An onsen that you can only enter during certain periods once or twice a day. It’s surrounded by a wall of rocks, the other side of which is the ocean. When you’re in it you feel as though you are bathing in the ocean – did you know such an experience was possible on an island that is part of Tokyo?
With a population of just 600 people, the small Tokyo island of Shikine-jima is an onsen paradise. One of those is Jinata onsen, which is located at the bottom of a V-shaped valley and can only be entered at certain times of the day.
An onsen you go through a steep cliff to get to
You don’t need to come to Shikine-jima to find onsens with an ocean view. But this onsen is unlike any other.
Jinata onsen is an onsen submerged in the sea. Its water is gensen, which means the water here is not drawn from other sources (as is common with onsens), but it is the source. It’s a rare onsen that can only be entered 1-2 times a day.
I was a solo traveler this trip, but arriving at the parking lot I bumped into a couple I had met earlier at my accommodation, and we decided to go together.
Shikine-jima is so small that many choose not to rent cars. That said, there are a lot of steep hills, so some rent electric bikes, while those who are more athletic opt to walk. It’s a small island abundant in nature and fun to explore by foot.
I parked my car and began walking down a line of steps with the couple. At first, I didn’t pay much attention to the view. While it wasn’t a particularly long set of steps, as a city dweller all that was going through my mind was the thought of having to climb back up afterwards, even as I was making my way down.
Then, all at once we reached a point where our field of vision could see far and wide, a valley appearing right in front of our eyes.
Not expecting a view so beautiful on an island as small as this, I couldn’t help but exclaim out loud.
We continued climbing down the steps towards the ocean awaiting us on the other side of a wall of rocks. Once past those rocks, we arrived at our destination – Jinata onsen.
There, we were shrouded in steam rising from various spots. The reddish brown color of the water here is a rarity among the islands of Tokyo, and unique to Shikine-jima. Jinata onsen is also known as the bath for internal medicine, helping to alleviate nerve pain, cold intolerance, and joint pain.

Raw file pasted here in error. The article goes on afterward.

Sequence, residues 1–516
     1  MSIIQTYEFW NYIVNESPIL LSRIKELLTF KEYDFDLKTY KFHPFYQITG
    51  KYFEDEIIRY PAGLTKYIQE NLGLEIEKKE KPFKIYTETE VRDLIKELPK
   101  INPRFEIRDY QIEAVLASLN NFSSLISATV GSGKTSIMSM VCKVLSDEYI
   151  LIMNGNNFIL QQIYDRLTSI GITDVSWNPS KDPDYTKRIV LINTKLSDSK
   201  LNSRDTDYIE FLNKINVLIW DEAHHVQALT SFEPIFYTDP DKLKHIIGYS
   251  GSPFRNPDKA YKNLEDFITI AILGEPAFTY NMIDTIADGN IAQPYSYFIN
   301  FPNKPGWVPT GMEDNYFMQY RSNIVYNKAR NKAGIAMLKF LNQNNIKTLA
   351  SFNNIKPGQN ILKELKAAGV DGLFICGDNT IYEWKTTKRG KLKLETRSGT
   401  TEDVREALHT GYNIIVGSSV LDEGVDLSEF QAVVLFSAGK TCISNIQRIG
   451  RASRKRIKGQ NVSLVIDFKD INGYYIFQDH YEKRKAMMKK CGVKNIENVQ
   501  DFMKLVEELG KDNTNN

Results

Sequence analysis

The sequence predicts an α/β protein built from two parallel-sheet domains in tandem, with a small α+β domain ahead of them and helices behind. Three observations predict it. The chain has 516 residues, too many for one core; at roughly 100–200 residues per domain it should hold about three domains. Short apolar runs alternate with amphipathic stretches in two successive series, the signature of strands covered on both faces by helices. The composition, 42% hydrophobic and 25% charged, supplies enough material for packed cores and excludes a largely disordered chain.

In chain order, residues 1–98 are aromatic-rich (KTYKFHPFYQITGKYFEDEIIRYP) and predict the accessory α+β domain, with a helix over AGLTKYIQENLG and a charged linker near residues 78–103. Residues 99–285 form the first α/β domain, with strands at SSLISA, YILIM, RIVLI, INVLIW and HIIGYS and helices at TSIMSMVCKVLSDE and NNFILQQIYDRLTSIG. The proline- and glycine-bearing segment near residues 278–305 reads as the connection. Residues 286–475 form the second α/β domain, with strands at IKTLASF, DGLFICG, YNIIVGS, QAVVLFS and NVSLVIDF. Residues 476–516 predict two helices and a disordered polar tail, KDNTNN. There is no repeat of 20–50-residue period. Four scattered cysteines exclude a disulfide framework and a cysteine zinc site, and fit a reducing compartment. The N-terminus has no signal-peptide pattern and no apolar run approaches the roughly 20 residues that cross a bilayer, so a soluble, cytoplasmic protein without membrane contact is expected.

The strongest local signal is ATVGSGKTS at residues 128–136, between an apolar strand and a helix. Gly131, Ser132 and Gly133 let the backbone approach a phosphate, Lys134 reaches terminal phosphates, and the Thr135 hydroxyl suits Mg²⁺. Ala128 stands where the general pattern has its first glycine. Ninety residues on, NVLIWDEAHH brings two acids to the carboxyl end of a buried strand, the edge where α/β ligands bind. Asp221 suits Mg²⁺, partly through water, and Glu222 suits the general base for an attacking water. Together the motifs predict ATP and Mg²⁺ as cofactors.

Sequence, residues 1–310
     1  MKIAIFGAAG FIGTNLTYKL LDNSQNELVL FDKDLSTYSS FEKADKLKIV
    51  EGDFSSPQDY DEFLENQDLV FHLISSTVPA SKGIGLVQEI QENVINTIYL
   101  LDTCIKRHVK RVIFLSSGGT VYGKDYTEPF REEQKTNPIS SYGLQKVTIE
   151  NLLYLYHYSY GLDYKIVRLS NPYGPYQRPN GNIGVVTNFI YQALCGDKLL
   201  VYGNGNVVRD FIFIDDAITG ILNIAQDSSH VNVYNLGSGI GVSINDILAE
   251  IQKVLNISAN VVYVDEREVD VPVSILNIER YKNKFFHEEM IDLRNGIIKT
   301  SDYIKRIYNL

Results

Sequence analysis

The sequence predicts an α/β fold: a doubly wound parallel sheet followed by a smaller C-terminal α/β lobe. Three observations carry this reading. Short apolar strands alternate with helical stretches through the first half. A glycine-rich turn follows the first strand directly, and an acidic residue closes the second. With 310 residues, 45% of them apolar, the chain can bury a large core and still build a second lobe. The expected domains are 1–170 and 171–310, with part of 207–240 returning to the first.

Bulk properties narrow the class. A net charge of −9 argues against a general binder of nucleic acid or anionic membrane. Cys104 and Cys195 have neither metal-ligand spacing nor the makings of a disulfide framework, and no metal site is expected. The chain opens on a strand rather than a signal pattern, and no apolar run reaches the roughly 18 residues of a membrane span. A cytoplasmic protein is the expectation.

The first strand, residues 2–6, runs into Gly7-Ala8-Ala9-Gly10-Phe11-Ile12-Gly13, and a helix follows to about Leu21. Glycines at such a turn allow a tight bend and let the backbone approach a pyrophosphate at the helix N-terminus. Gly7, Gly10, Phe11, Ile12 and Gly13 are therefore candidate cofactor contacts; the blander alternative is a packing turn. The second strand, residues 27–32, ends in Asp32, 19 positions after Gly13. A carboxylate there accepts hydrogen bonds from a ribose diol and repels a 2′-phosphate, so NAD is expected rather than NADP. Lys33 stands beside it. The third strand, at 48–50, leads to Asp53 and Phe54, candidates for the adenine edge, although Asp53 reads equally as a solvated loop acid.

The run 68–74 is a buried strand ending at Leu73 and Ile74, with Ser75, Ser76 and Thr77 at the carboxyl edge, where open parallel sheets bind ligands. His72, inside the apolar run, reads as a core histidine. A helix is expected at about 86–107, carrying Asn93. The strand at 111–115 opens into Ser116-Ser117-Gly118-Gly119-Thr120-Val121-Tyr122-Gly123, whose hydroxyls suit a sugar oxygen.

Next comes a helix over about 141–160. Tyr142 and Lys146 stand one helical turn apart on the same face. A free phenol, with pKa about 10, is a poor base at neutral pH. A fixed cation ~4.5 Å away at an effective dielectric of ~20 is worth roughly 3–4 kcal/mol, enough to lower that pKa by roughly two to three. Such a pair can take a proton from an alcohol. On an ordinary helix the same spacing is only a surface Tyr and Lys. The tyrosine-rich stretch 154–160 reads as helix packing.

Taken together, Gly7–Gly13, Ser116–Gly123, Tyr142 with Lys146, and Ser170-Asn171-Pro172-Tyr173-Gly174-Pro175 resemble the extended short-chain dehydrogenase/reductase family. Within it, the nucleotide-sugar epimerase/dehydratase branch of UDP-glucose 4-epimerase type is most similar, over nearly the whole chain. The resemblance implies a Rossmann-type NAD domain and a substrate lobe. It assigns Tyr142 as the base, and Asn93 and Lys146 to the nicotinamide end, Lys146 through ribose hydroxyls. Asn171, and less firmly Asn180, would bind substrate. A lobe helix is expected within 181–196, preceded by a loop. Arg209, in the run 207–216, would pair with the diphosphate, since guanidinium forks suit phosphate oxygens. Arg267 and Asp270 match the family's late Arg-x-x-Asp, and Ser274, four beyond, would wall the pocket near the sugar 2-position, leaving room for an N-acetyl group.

Beyond the reddish brown onsen stretches the blue ocean in all its grandeur. The 80 degree hot spring water mixes with ocean water to reach the perfect temperature. I had heard that there would not be a dressing room, so I came prepared with a swimsuit already worn under my clothes. I tested around for a spot with optimal temperature.
I entered the water where it was closest to the ocean. The temperature was perfect – around 42-43 degrees centigrade. To avoid getting the reddish brown minerals on my swimsuit, I dipped into the water without touching my bottom onto the earth.
I was so close to the ocean that right next to me was cold ocean water. I could reach out and touch it with my hands if I wanted. Looking at the ocean from this height, it felt as though the onsen I was bathing in was the ocean itself.
Why just twice a day?
Why, to such a spectacular onsen, can you only go in 1-2 times a day? The reason is because Jinata onsen reaches optimal temperature by mixing with ocean water, so it’s only good for an hour to an hour and a half during high tide.
The temperature of the source water is 80 degrees. You’d burn yourself if you tried to go into that, so don’t even try! It’s best a short while after high tide when ocean water mixes into it.
The best times to go in to Jinata onsen
So when is it high tide? It differs one day to the next, but ask the Shikine-jima Tourism board or the staff where you are staying, and they will give you a rough idea. Rather than going straight there, it’s best to check beforehand.
Access to Shikine-jima and Jinata onsen
Shikine-jima, unforgettable for its cobalt blue waters, is 3 hours on the high speed jet ferry, and 9 hours by large passenger ship. Both are operated by Tokai Kisen and departs from a port in Tokyo’s Hamamatsucho. The high speed jet ferry leaves daily in the summer, but not during the colder seasons when you will have to take the large passenger ship.
9 hours on a boat? You may be thinking, but as the ship departs late at night, you can hop onboard after work to arrive the next morning, allowing for plenty of time to play the day you arrive. The return leg departs in the AM, but you will be back in Tokyo before 8 in the evening, so even if you need to transfer to a Shinkansen to continue on with your journey, you will be able to make it in time.
How about relaxing your tired body in Shikine-jima, Tokyo’s tiny onsen paradise? The onsen, nature’s own medicine, and the amazing view is sure to heal your cold winter body.